• Changes in substance use will lead to changes in a young person’s biology. For example, reduced use of particular substances during lockdown may reduce a young person’s tolerance of those substances. This means that if they return to previous habits after lockdown, the doses they were used to taking previously without issues may suddenly present a high risk of overdose, no matter how frequently they were used before.
  • Habits formed during lockdown may persist after it. It is important to identify changes in substance use patterns early, before they become entrenched.
  • It may be important to assess how young people are obtaining and using drugs during and after lockdown. Physical contact with friends or others who supply drugs, using drugs with others (including sharing equipment), and handling drug packages and cash may present a COVID-19 transmission risk.
  • Using things that involve frequent contact between the hands or equipment and the face, such as vaping (e-cigarettes), may elevate the risk of exposure to COVID-19.(8)
  • Changes in the global landscape and economy due to COVID-19 may have interfered with supply chains (for example, ingredients, ingredient quality, etc.), potentially changing the strength and impurities present in drugs. This means that a substance and dose that a young person is used to taking may not have the same effects during or after lockdown. It may also be liable to change again as the pandemic stabilises, meaning doses that were previously tolerated during lockdown or restrictions may suddenly become very unsafe at any point.


Most people who participated in the ADAPT study(6) reported they were using at least one harm-reduction behaviour when using substances in lockdown (for example, washing hands). However, 30 per cent reported engaging in no harm-reduction behaviour. This, however, may be an under-representation of the number of people in the general population who are not employing harm-reduction behaviours because the ADAPT sample was disproportionately highly educated and lived in capital cities. This highlights a need to ensure that young people are provided with as much knowledge about harm reduction as possible while using substances during and after lockdown, as this can reduce the potential harms of their drug use.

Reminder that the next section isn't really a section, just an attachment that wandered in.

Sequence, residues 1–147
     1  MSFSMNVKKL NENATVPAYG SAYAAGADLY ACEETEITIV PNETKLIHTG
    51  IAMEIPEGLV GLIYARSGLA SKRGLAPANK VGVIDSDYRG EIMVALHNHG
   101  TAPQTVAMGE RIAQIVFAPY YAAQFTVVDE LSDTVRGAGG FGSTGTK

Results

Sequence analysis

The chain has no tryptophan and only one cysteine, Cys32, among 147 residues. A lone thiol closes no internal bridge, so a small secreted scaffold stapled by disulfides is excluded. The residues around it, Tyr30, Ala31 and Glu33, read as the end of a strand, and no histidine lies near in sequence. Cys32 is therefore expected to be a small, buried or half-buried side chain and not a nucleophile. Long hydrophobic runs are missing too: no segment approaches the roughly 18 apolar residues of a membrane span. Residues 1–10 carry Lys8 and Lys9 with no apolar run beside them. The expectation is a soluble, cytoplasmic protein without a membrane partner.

Harm reduction tips for young people include:

  • Wash or sanitise your hands before and after handling drugs, cash or equipment.
  • Wash or wipe down drug packages and cash with disinfectant wipes, soap or sanitiser.
  • Sanitise equipment, such as vapes, frequently – especially the mouthpiece.
  • Avoid physical contact with dealers or groups of friends – make sure you follow social distancing guidelines.
  • Prepare drugs yourself – for example, rolling your own joints, etc.
  • Avoid sharing equipment – for example, bongs, vaping devices, etc.
  • Avoid sharing drugs – for example, passing joints, etc.
  • Avoid touching parts of equipment that come into contact with the mouth
    – for example, vape mouthpieces. 
  • Avoid touching your face with your hands at all times, but in particular while using things like e-cigarettes or bongs.
  • Be aware that your tolerance may have changed substantially if your use of a particular substance has changed. 
  • Be aware that your usual dose of a particular drug may have unpredictable effects every time that drug is taken because of changes to the supply chain; this may be the case long after lockdown is lifted or restrictions are eased.


It is always a good idea to regularly check-in with young people about their drug and alcohol use, if and how it may be changing, and how it might be affecting them. This is especially the case when a young person is experiencing uncertain circumstances or big life changes, such as those that may accompany COVID-19-related lockdowns or restrictions.

You may like to ask the young people you work with or care for some of the following questions:

  • How are you coping with all the changes going on at the moment?
  • How do you feel these changes are affecting the way you are using drugs or alcohol? 
  • Is anything different about the way you are using drugs or alcohol lately? Are you using more or less of anything?
  • How do you feel about these changes in the way you are using drugs or alcohol?
  • Why do you think the way you use drugs or alcohol has changed?
  • Have these changes affected how you feel in general?

If you’re a clinician speaking to a young person about their substance use, try to